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012511 - Invasive Carp Now on the Menu

from FIS - Fish Information & Services

Tuesday, January 25, 2011, 01:00 (GMT + 9)

Chef Jimmy Wade is planning an "invasivore" dinner menu next month including some invasive carp species from the Illinois River. 

"If you can't beat 'em, eat 'em" is the mantra of an up-and-coming group of environmentally conscious eaters being referred to as "invasivores." Wade hopes to attract such consumers.

"Lots of people will try anything once," he said. 

But fish biologists and environmental organisations caution that eating one’s way to eradicating an invasive species is not the best way to go, reports AP.

Even though eating carp could help slow its rapid march toward the Great Lakes, critics claim creating a taste for the fish in the US could lead to an interest in raising them.

Marine ecosystems beyond the Great Lakes could be threatened if market demand pushed biologists to run a sustainable carp fishery, foresaw Duane Chapman, a fish biologist with the US Geological Survey and one of the country’s chief Asian carp experts.

"It only takes one guy to move the fish to a new place because he likes it. A fisherman with a bait bucket intentionally stocking them in a reservoir would be a very bad thing," he said.

"Eating them is not going to have a substantial impact on the population," Chapman added. "It only takes one mating pair (of Asian carp) to breach the Great Lakes."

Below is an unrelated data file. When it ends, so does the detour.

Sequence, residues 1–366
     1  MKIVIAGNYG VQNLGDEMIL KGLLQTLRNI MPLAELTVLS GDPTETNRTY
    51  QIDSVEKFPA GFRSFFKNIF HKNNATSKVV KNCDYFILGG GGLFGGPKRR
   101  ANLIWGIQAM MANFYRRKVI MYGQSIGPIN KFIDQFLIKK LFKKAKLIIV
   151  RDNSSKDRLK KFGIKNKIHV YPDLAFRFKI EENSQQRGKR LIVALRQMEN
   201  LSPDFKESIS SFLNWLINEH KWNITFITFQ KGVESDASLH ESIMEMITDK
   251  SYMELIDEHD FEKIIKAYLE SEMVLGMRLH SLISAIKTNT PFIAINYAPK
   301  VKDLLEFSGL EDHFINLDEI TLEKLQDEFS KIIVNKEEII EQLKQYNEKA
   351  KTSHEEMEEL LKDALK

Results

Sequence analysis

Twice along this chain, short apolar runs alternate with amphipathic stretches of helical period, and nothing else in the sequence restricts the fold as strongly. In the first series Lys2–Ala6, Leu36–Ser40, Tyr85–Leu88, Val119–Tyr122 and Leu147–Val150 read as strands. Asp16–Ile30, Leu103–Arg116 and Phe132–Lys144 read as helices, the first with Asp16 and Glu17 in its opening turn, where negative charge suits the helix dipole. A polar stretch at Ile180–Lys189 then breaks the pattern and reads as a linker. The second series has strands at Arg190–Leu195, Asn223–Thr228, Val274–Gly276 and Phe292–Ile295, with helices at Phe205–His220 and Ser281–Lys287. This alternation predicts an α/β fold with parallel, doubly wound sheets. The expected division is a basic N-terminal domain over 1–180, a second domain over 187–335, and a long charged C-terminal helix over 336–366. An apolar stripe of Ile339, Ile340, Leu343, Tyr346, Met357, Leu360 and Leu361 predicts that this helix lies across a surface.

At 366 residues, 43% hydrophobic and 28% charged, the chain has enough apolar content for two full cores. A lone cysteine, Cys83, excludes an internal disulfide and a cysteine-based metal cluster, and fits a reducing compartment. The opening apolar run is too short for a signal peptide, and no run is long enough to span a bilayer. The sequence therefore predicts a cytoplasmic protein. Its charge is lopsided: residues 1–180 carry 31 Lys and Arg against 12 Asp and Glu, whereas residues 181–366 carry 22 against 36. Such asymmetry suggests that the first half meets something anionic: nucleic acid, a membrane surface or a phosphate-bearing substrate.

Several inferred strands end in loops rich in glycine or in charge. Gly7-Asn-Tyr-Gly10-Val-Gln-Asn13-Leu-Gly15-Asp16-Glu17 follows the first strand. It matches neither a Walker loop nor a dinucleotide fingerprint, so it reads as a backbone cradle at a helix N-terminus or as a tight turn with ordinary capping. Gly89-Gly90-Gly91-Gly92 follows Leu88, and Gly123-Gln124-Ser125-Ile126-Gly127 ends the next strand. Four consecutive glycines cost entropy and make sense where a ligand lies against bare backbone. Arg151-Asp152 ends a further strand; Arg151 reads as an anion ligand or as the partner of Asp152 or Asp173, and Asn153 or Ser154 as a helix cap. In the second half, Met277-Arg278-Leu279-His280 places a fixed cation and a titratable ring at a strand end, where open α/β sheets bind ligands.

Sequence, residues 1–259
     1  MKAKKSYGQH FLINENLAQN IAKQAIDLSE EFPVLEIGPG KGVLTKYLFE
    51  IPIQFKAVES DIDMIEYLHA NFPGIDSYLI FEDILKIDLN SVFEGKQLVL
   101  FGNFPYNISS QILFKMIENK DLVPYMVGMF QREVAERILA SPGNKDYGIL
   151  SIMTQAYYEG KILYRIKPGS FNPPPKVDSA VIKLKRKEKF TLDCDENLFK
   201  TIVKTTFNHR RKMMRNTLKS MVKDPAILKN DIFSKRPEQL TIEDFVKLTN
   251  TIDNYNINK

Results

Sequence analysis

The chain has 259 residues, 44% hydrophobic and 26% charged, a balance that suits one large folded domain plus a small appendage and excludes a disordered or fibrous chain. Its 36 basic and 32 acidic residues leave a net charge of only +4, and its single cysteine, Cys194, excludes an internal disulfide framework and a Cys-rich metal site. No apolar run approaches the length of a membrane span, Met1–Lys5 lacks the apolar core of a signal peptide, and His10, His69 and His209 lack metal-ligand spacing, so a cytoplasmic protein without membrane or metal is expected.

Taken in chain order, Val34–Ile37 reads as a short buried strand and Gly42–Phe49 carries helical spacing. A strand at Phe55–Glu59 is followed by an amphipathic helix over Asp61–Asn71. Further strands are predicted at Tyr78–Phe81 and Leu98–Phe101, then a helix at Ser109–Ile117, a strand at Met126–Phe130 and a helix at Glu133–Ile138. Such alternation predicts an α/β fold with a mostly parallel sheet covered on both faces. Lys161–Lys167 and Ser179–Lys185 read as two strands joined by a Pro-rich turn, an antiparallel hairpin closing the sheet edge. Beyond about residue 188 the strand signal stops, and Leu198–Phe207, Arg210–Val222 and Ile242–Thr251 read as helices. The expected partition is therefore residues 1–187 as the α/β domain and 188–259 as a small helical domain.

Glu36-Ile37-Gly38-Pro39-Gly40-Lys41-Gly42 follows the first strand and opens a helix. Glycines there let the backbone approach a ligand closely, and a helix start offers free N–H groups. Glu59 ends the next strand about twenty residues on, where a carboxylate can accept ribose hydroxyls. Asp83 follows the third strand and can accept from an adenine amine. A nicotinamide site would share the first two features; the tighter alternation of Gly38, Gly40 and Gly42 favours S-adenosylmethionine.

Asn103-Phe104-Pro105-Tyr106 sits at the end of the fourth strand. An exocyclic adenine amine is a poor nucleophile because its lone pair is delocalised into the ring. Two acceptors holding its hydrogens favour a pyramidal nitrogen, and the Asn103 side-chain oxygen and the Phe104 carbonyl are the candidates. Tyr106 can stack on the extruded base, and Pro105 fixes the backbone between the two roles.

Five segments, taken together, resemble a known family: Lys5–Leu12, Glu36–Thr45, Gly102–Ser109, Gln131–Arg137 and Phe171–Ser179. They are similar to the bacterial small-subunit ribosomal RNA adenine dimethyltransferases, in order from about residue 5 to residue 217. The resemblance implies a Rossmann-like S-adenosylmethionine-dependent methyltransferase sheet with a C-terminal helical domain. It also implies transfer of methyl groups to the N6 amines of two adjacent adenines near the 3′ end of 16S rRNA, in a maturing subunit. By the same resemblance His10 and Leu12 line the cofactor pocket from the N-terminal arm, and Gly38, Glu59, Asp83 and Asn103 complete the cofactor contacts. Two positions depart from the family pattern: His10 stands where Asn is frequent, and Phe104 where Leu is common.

The Obama Administration's "2011 Asian Carp Control Strategy Framework," a USD 47 million programme to keep the carp from moving into the Great Lakes, includes a measure to enlarge the commercial Asian carp export market to China, where the fish is a delicacy.

Illinois Governor Pat Quinn announced a USD 2 million scheme in July 2010 to strengthen commercial fishing for the species along the Illinois River and export them to China. 

The Asian grass carp was brought purposefully to the US in 1963 for aquatic weed control, as the species feeds on plankton as opposed to other fish. Then, silver carp was introduced from Asia in the 1970s to control algae growth in fish farms and municipal wastewater treatment facilities, but the fish quickly escaped into the wild.

Spokesperson for the Great Lakes Fishery Commission Marc Gaden supports the move to make a business out of an invasive species.

But he said that creating a market in the US for Asian carp would constitute "surrendering and making do with what you've been dealt - not what Mother Nature intended."

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